Saturday, March 24, 2007

Disconnect

I had an interesting conversation with a reader -- or should I say potential reader -- at a store this past week. The manager introduced me to the woman as an author whose books she might be interested in.

The first words out of the woman's mouth were, "Is there any swearing in your books?"

Having fielded this sort of question before, I answered, "No more than is necessary for the point I'm trying to make."

"And how much is that?"

"You'll have to read it and find out."

"Well, I don't think I'll read it. I don't like swearing. It makes me uncomfortable."

"But you like reading murder mysteries."

"It's the only thing I read."

I didn't want to upset the very nice bookstore manager, and I certainly don't like to embarrass anyone, but I wanted to smack this woman upside her head and scream right in her face, "You don't like swearing but you DO like reading about people whose lives are ended by violence? Don't you see that there's something wrong here?"

This is not the first time I've had this experience, but there was something sanctimonious in this woman's expression that made me want to verbally wipe it off her face in a violent manner.

To my mind, there's something wrong with people like this. I can see someone saying that they don't like books that are nothing but swear words. I would agree. I've read some and I didn't like them, not because of the swearing per se, but because it just got plain tedious after a while.

I've also run into the same thing with the bit of sex that sometimes occurs in my books. _Cemetery of the Nameless_ has a scene towards the end that's pretty graphic, but it really has to be for the story to make any sense. I had the following conversation with another reader about it.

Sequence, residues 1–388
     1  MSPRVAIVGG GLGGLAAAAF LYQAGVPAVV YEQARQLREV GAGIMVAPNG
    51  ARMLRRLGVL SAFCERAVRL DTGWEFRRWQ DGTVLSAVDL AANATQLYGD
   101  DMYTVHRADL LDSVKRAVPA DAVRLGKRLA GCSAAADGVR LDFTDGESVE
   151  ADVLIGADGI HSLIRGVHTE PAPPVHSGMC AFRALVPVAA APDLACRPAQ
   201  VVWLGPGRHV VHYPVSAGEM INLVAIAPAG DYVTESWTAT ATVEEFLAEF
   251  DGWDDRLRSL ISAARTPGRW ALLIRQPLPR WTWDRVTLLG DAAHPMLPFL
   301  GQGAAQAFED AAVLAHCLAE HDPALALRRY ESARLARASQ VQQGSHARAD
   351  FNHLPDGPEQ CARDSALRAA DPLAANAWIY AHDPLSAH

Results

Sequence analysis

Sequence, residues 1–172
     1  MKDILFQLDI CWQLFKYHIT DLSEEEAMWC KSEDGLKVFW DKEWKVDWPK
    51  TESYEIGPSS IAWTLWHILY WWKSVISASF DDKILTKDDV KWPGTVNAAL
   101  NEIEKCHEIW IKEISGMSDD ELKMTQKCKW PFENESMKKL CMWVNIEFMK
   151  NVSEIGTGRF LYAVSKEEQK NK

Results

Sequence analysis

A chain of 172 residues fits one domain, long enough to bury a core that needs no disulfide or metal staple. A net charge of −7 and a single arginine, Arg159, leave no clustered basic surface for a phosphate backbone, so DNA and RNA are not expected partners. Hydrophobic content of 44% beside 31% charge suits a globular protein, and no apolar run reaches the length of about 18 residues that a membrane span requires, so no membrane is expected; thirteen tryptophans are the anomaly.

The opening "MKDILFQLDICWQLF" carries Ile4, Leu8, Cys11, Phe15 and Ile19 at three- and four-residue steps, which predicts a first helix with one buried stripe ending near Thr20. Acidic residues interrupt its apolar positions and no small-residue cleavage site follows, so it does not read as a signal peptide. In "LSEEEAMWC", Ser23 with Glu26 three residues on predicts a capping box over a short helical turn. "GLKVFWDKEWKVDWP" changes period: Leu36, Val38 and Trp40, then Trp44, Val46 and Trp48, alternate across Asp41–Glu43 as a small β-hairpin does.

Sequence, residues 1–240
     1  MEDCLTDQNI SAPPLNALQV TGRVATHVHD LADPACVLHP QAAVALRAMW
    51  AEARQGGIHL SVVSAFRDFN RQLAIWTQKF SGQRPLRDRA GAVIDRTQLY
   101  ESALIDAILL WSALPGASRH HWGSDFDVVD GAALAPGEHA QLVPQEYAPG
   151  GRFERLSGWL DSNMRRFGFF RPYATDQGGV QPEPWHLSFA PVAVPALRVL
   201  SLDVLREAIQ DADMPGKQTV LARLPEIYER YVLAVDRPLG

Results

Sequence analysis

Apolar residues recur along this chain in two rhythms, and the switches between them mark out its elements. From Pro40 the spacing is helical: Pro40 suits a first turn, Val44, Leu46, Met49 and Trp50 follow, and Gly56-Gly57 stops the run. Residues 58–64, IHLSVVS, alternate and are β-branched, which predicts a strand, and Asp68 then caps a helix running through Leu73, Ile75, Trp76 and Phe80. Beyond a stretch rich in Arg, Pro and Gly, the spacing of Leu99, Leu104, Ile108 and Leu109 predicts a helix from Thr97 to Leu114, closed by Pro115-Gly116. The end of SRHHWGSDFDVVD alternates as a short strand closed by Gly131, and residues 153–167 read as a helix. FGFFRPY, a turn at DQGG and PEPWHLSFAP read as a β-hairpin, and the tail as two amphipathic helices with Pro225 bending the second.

"Oh, I didn't much like your book. Too much sex in it."

"I'm sorry to hear that. It really only had that bit at the end."

"That's where I stopped reading."

"Well, it had to be graphic like that because of the story. I found it very hard to write, but it's necessary to the story."

"I understood that, but I don't like reading about anything to do with sex. That always causes me to put a book down. It shouldn't be in books."

"I guess the murder at the beginning was a bit much for you. I'm surprised you read past that."

"Oh that sort of thing doesn't bother me."

You could have knocked me over with a feather.

This reader went on to say that she's very religious and that sex such as I described is very wrong.

"But stabbing someone after slitting their throat isn't?" I asked.

"Of course it's wrong!"

"But you don't mind reading about that while you don't like reading about sex? What if I had put in a scene with my two married protagonists making love? Would you have read that?"

"No."

"Why not? It's normal."

"Because reading about that kind of thing is repugnant."

She actually used that word. Repugnant. Normal sex between a married couple is repugnant, but slitting someone's throat isn't?

What is wrong with our society if people have this view? You can graphically disembowel someone on screen in a movie and get a PG13 rating. But show a person's backside, breasts, or (horrors) two people making love, and alarm bells go off and the rating goes up to R.

My sister once said to me, "There's too much swearing in your books."

There did happen to be a fair bit of swearing in that book, not overdone, my editor and I felt, but what was necessary because of the characters. Big tough guys wouldn't say, "Oh shucks!" Would they?

She didn't say anything about my story, whether she thought it was good, bad or indifferent, just that it had "too much swearing".

So being the good brother that I am, the very first thing in my next book was a one-word exclamation by my protagonist, "Shit!"

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